Rep. Steve Thayn, R-Emmett, believes that by giving state workers more responsibility in their health service purchasing decisions it will bring down insurance costs for the state, but the legislation he created to do that needs a little more work.
Thayn attempted to introduce a bill in the House Commerce and Human Resources Committee Tuesday to allow the Idaho Department of Administration to offer state workers access to health savings accounts, or HSAs, but panel members were concerned the language wasn’t clear enough.
Rep. Jeff Nessett, R-Lewiston, supports Thayn’s idea, but wants his bill cleaned up. “I think the idea is good,” Nessett said.
Thayn plans to adjust the bill’s language and bring it back to the committee, though he didn’t give a timeline for that to happen.
HSAs are a blended insurance model, combining high-deductible catastrophic health policies with a cash account through which workers pay ordinary medical expenses. The state covers the high-deductible insurance policy and puts a lump sum of cash each year into an employee’s account to cover appointments and small procedures.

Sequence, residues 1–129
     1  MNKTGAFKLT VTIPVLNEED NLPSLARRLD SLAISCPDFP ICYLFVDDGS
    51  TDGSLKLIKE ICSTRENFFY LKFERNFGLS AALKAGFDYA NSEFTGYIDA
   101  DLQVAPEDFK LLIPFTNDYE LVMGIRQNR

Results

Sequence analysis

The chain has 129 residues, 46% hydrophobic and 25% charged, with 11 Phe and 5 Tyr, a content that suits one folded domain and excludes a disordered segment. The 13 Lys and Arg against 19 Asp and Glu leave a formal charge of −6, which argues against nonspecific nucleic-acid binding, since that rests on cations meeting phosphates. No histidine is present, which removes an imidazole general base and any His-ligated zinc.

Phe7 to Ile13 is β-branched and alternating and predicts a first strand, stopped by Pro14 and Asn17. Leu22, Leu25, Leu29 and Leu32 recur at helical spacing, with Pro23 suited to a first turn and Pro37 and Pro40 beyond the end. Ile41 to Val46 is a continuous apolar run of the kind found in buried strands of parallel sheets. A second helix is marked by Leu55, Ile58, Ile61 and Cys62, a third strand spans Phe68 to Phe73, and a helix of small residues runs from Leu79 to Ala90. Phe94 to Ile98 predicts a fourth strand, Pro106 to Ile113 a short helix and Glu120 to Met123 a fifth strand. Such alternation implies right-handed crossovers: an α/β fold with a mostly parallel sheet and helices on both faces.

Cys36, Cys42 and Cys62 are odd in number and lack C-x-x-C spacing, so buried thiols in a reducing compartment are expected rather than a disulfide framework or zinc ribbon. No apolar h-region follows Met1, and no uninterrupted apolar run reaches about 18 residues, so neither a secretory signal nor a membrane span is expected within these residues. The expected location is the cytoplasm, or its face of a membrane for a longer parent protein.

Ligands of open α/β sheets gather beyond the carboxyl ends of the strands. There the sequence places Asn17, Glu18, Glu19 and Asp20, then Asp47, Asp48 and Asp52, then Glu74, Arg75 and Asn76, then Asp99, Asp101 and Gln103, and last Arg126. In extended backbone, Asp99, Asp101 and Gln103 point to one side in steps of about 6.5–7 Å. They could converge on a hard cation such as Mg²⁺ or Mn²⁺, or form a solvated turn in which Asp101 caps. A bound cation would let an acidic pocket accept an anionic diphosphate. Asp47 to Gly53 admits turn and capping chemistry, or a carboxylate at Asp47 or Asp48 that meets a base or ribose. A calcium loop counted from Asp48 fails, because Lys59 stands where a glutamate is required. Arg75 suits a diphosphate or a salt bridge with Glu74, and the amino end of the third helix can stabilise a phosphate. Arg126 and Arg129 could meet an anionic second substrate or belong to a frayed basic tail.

The idea has worked in at least one state. Indiana Gov. Mitch Daniels instituted HSAs for his state workers in 2005 and the savings, he says, have been dramatic. In an opinion piece in the Wall Street Journal, Daniels wrote that the Hoosier State saved $20 million in 2010 thanks to the new plans.
Indiana gives each worker $2,700 in medical savings cash to cover expenses and then covers a health insurance policy with an $8,000 deductible.
As many as 70 percent of new workers are signing up for HSAs over more traditional health plans.
HSA critics argue that the plan forces workers to delay some treatments in order to save money, but others, like Daniels, believe the idea simply encourages smarter consumption of health services by price comparison shopping.
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